Sunday, October 14, 2012

The Trach

Lily has a Trach.
It still feels a bit surreal.
When She is awake and active and looking at me with those big blue eyes
it seems to have already become a part of her,
almost natural.
I already am forgetting its there (kinda)
When she is asleep or I get out of the room for a few minutes alone
It hits like a TON of bricks.
I don't know why getting the Trach has been so much harder (for me) than all the other surgeries combined.
For Lily, it seems to have been the quickest recovery,
with surprisingly the least amount of pain.
But for me this has tilted my world on its axis.
I don't know if its everything building up and the trach is just the straw that broke the camels back,
Or if its all the social stigmas that come with the trach,
 Or the reality of how much having a Trach will change our already medically complex lifestyle
Or if its just terrifying because its her airway and it is DANGEROUS.
Probably a mixture of all of the above.

I do know that this was the Right decision.
She is now having multiple airway closing events a day
and they are MUCH longer than ever before.
But because of the trach she doesn't turn blue or pass out.
She is able to keep breathing because the part of her airway that collapses is above where the trach is.
The Trach came at exactly the right moment. 
If we hadn't gotten the trach when we did, 
She would most likely be gone by now, 
or at best have some serious brain damage.
The Lord works in Miraculous ways 
and I know he is working miracles through My Lily girl.

And then also there is the Miracle of her voice.
The Nurses and Drs are baffled.
I know its because of all the faith and prayers of those who love her.
Before Lily, the earliest a child had spoken after receiving a trach was 1 week.
Lily spoke after 12 hours.

She woke up the next morning after surgery looked up at a balloon and said
and I was too amazed to even cry but then she looked at me
and said
"Mom, Mommy, mommy"
And as I went to pick her up she looked at the 
nurses and Dr and pointed her finger at them
(as if they were in trouble)
and said 
"No, no, NO!"
Not only did she still have her voice she still
has her spunk!
This Picture was taken about 18 hours after surgery
And she is SMILING!!!

She was in the ICU for only 5 days after surgery instead of the standard 7


She still wasn't tolerating feeds.
So being faced with TPN at home yet AGAIN...
We tried something a bit different.
Her Gi suggested injecting Botox into her pylorus
(the muscle at the bottom of her stomach)
It meant more anesthesia, but we had to try.
And so far it has WORKED!
She is finally at goal feeds.
No pain 
No shaking 
No screaming.

there are still complications.
The anesthesia sent her into a metobolic crisis.
Her heartrate soared to the 200's, her respirations tripled, she developed tremors
 and she spiked a fever. 
Slowly her respirations returned to normal
 and her fever subsided but her heart is still higher than it should be.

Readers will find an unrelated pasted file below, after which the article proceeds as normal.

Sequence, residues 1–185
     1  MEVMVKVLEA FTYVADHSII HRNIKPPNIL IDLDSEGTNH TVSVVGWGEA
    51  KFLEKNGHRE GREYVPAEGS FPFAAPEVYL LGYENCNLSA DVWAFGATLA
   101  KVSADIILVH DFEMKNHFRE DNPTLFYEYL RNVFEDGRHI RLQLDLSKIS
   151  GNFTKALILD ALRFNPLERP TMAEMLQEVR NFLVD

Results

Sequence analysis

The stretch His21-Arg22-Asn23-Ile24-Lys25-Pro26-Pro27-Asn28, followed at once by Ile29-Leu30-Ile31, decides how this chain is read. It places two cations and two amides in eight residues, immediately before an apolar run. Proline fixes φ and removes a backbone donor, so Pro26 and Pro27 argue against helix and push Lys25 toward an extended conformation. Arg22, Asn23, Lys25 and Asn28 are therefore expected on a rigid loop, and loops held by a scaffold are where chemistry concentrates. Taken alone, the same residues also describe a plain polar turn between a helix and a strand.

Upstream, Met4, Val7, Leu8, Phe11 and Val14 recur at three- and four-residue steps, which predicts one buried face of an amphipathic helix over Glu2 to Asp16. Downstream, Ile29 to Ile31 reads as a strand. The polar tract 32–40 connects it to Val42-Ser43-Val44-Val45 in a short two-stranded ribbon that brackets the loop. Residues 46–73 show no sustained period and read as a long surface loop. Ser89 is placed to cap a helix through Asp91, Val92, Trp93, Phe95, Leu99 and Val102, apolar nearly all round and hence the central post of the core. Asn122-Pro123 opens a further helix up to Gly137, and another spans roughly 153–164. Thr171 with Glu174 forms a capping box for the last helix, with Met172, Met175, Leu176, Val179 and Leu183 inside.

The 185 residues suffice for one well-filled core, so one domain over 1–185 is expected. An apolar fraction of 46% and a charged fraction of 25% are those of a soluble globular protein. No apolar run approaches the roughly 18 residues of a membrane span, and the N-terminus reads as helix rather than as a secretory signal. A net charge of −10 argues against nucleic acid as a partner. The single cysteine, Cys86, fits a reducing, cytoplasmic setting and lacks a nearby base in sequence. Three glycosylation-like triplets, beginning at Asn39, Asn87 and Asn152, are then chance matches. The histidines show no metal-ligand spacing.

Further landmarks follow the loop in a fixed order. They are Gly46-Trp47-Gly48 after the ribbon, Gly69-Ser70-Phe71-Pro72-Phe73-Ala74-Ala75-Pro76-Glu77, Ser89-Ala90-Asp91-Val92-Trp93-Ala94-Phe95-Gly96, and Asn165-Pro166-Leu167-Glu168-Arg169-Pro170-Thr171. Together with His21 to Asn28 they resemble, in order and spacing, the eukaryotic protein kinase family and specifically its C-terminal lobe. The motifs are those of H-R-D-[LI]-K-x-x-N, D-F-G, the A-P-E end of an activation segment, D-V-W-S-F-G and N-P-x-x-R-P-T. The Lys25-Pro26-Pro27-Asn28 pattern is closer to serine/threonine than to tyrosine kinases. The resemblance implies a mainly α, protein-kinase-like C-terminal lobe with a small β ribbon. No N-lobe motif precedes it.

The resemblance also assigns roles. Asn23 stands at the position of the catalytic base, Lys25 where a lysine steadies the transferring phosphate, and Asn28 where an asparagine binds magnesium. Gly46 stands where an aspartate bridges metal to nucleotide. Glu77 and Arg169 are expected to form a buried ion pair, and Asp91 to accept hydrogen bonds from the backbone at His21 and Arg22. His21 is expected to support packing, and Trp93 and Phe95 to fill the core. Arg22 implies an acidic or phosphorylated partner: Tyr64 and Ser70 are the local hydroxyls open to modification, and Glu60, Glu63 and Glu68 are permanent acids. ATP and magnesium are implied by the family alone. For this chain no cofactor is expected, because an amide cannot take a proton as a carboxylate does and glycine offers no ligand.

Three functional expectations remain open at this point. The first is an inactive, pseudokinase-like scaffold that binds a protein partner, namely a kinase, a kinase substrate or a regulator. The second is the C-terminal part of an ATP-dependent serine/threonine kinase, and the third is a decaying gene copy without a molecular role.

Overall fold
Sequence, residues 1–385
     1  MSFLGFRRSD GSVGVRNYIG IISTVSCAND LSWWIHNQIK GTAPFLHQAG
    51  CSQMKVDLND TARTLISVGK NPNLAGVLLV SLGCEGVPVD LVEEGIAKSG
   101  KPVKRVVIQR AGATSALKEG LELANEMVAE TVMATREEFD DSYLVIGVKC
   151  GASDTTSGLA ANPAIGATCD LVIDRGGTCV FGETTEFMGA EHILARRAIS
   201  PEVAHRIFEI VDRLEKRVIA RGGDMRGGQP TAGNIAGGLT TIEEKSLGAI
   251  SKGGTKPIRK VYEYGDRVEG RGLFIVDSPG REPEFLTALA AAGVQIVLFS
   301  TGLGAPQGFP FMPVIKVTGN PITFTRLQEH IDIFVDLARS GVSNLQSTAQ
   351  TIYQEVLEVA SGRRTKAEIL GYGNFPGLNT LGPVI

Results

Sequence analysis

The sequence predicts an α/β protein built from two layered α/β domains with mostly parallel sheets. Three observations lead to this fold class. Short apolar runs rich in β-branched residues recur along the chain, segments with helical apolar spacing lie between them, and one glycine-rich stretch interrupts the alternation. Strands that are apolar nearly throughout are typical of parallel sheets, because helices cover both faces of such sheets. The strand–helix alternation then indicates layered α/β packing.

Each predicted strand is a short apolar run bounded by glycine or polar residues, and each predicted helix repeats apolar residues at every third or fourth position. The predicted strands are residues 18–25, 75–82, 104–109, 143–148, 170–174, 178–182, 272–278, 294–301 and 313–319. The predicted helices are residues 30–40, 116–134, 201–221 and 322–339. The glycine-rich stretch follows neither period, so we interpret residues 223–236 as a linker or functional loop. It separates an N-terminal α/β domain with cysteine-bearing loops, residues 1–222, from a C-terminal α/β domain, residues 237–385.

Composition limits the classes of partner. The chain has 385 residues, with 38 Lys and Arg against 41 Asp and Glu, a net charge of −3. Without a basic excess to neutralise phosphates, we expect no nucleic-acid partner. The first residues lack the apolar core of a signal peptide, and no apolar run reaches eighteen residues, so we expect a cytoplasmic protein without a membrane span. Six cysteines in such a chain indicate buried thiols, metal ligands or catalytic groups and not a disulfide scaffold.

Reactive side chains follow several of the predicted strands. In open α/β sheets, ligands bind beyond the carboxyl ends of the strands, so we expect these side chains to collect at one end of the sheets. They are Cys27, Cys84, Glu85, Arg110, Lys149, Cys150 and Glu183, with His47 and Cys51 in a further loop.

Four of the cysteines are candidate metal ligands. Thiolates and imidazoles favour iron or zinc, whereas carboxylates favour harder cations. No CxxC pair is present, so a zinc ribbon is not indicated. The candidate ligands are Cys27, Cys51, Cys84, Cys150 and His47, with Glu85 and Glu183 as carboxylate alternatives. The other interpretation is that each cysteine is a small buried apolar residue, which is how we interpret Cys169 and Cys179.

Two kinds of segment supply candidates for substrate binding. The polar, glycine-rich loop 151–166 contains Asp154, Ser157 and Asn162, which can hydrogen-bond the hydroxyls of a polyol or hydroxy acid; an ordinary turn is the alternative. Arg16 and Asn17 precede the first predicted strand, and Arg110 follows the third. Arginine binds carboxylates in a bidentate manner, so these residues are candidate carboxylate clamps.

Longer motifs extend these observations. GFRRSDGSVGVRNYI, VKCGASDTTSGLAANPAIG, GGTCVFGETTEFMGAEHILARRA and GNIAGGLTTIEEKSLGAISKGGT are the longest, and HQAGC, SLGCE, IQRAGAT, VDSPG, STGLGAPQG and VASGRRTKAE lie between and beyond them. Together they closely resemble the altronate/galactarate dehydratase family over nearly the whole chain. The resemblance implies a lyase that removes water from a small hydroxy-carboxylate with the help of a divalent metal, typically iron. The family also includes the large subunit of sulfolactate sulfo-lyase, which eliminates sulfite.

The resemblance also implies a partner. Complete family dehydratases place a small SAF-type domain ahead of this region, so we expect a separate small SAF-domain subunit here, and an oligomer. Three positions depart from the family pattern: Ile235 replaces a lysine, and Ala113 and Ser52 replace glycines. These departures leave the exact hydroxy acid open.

But all in all, it looks like she is pulling out of crisis mode...
When they went in to inject the botox.
they noticed her fundo was ripping out.
And once we got to goal feeds,
 she started refluxing her food and then aspirating it.
They way we know this is,
 her stomach contents are leaking out of her Trach.
This is bad news as it is a guaranteed  way to get a pneumonia.
So we are messing with the rate and volume of her feeds to see if we can find a happy medium
that will allow her to get her full nutrition/hydration needs but keep her stomach calm enough so she stops refluxing and subsequently aspirating.
And then yesterday her trach started bleeding again.
Just small amounts,
but it shouldn't be bleeding anymore.
I am afraid we are headed for yet another surgery to fix the Nissen Fundoplication.
But we will cross that bridge when we get to it.
We will be in the hospital
AT LEAST another week and,
As for now,
I am just so greatful that
the Trach is doing its job of keeping  her breathing and ALIVE.

This video is of Lily speaking with the trach and it also shows what her trach looks like 
without the mist collar attached 
(the blue tubing with the clear mask in the other pictures)


  1. Oh Alex, I can understand why it's so hard to accept Lily having a trach. There are a lot of life changes. But as for the stigma, I hope Lily doesn't have to deal with any of that. I just got done with a class for early childhood educators on inclusion. There's a huge push in early childhood that no child should feel they have a stigma attached to any condition they may have. This includes educating children and parents that everyone is unique and it is never bad. I honestly hope this will change the world to be more compassionate to everyone, no matter what. Lily is such a strong, gifted girl! It's apparent she won't let anything hold her back :-)

  2. The stigma was the first thing I thought of when you first mentioned the trach as well. I think Stacey has a point, though, that we grew up in a tainted "special ed" world, but that mentality is shifting to a much better and more open-minded one, and your family is part of that. Knowing Lily has helped me see past those ridiculous mindsets I was immersed in as a child, the ones that led me to shut down and simply think,"That person is beyond my comprehension, I won't even try." Lily breaks down mental barriers people didn't even know they had. You can't help but love her!